According to a recent study in the British Medical Journal (BMJ)1, a 68% increase in self-harm incidence was found amongst girls aged 13-16 between 2011 and 2014 in the UK, with an annual incidence of 77 per 10,000 (or 0.77%) in that specific group of age. The study also highlights that self-harm is the strongest risk factor for subsequent suicide, with suicide being the second most common cause of death before age 25 worldwide. According to the authors, these revealing results indicate an “urgent need to develop and implement effective interventions for girls in their early-mid teens”.
The Children and Young Person’s Service at Re:Cognition Health was established to help diagnose and treat a wide range of mental health conditions affecting children and adolescents, a big concern which, according to Public Health England 2016, up to 1 in 10 or 11 young people between the ages of 5 to 16 years suffer from a diagnosable mental health illness.
Dr Maite Ferrin, Consultant Psychiatrist at Re:Cognition Health has vast experience in treating children and adolescents with all types of mild and more severe psychiatric conditions including depression and self-harm. Below she shares her insight on the growing concern with advice on dealing with the issue:
Self-harm is described as “any intentional act causing physical injuries to oneself without a clear intention to die”. It can include superficial cutting (with a knife or razor), scratching or hitting oneself, and intentional drug overdose. Many young people who self-harm use more than one method of self-injury, and some of them do it on a regular basis, while others do it more sporadically.
Self-harm is an adaptive coping mechanism to deal with any stressor in life including school difficulties or bullying, however it might also reflect a more impairing psychological condition including anxiety, depression or PTSD. Different reasons have been described, including affect regulation (e.g., an attempt to alleviate emotional pain that cannot be expressed verbally), self-punishment (e.g., an attempt to relieve feelings of shame or guilt) or anti-dissociation (e.g. an attempt to stop feeling numb), just to name a few.
Although self-harm is done without suicidal ideation, it can eventually lead to fatality. In fact, according to the BMJ study, young people who self-harmed were almost nine times more likely to die due to suicide or accidentally fatal acute alcohol/drug poisoning.
Further, the behaviour is positively reinforced through feelings of relief, satisfaction and reduction of anxiety levels, and might therefore predispose to vicious cycles and increasingly more risky behaviours, while it will impede young people to develop more effective and adaptive coping skills to regulate emotions and tolerate distress.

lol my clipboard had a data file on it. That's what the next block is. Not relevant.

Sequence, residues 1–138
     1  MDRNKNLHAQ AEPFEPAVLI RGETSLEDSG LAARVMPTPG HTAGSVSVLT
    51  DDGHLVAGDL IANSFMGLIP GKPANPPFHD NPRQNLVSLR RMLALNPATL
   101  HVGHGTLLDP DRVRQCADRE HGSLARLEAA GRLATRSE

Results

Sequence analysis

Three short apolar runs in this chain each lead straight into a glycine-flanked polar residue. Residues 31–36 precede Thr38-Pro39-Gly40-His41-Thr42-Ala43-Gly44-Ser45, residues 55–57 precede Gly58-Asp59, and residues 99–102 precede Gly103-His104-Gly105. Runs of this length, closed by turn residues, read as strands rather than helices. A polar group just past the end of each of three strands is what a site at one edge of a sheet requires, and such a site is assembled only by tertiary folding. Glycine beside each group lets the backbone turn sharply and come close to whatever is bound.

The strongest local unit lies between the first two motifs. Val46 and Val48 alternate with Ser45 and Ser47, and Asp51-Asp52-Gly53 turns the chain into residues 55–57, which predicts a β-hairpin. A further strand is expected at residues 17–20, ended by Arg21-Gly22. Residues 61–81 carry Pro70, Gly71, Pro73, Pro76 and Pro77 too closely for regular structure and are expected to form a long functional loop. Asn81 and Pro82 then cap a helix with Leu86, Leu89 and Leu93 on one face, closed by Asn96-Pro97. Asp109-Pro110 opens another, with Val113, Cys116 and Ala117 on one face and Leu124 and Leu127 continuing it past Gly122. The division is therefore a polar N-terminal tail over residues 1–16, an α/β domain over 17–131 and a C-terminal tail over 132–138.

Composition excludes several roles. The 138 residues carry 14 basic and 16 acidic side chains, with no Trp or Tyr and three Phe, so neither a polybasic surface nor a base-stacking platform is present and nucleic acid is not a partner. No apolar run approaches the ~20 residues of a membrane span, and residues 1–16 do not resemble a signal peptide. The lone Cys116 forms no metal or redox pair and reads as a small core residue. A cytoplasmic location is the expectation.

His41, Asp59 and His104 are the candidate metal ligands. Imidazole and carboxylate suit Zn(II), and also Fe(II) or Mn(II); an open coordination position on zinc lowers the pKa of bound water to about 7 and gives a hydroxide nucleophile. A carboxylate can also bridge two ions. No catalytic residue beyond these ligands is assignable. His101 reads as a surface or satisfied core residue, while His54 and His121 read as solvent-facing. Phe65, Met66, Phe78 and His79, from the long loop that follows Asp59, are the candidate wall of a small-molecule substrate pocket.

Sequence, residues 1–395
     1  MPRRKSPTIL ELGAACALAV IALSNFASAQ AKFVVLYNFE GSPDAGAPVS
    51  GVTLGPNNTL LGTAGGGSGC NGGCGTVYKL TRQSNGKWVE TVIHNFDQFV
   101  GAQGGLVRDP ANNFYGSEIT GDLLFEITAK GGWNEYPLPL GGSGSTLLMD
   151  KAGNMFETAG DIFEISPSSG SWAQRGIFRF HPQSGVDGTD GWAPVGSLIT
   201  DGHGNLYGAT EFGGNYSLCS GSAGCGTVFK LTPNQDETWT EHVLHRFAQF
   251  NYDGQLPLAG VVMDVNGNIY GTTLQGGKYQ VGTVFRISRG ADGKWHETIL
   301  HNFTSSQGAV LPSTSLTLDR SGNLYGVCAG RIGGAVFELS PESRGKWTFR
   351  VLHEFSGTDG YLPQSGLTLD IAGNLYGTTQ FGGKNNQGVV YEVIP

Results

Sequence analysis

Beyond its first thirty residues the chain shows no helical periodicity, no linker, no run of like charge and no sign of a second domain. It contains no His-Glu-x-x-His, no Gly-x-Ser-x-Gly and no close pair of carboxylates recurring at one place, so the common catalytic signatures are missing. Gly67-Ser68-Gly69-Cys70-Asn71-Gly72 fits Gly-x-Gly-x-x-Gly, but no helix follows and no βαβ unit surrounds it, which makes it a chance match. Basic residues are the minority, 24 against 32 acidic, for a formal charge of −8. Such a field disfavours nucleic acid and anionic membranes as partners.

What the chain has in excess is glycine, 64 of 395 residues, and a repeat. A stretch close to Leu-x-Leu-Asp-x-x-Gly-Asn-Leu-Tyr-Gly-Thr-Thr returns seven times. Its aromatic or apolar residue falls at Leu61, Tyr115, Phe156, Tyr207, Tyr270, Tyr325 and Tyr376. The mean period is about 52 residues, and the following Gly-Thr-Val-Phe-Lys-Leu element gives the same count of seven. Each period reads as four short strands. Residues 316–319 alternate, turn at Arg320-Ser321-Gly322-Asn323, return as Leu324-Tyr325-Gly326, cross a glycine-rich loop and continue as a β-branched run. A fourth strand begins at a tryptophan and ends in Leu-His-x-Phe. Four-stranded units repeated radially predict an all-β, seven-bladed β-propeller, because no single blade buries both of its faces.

If you suspect an adolescent patient is engaging in deliberate self-harm:
Bear in mind that a majority of young people with self-harm feel ashamed of the act and that they often worry about the negative judgement of others, including their family members. An initial empathetic approach is usually recommended.
Empathic listening consists of listening so that the other person is encouraged to talk; this is especially important for young people with self-harm, who often feel unheard and misunderstood. We should create a safe space for them to freely discuss their problems without interruption so that they are more able to disclose their own problems.
Simple empathic responses, such as “sounds like things have been quite tough for you” that withhold negative judgements of their self-harm so they can validate their emotional experiences.
Offer the young person some hope and support “thank you for sharing this with me. Let’s think about how we can make you feel better”
Basic tips for parents of young people with self-harm tendencies:
• Remain calm and validate their emotions and struggles
• Do not push the young person to talk if they do not feel comfortable to
• Do not punish or minimise their feelings or the self-harm act as this may deepen guilt or shame
• Focus on the underlying struggles rather than the act of self-harm
• Encourage healthy ways of coping with stress
• Reinforce the young person’s strengths
• Do not expect or seek a quick fix for the self-harm behaviour
• Allow them time to learn alternative healthier coping mechanisms to replace the self-harm behaviours
• Seek assistance and support from school counsellors, child and adolescent psychiatrists or psychologists, social workers or counselling centres
• Finally, when an underlying psychiatric condition is suspected (e.g. anxiety, depression, PTSD, etc), or for those who have poor responses to initial approaches earlier described, a referral to a specialist might need to be considered.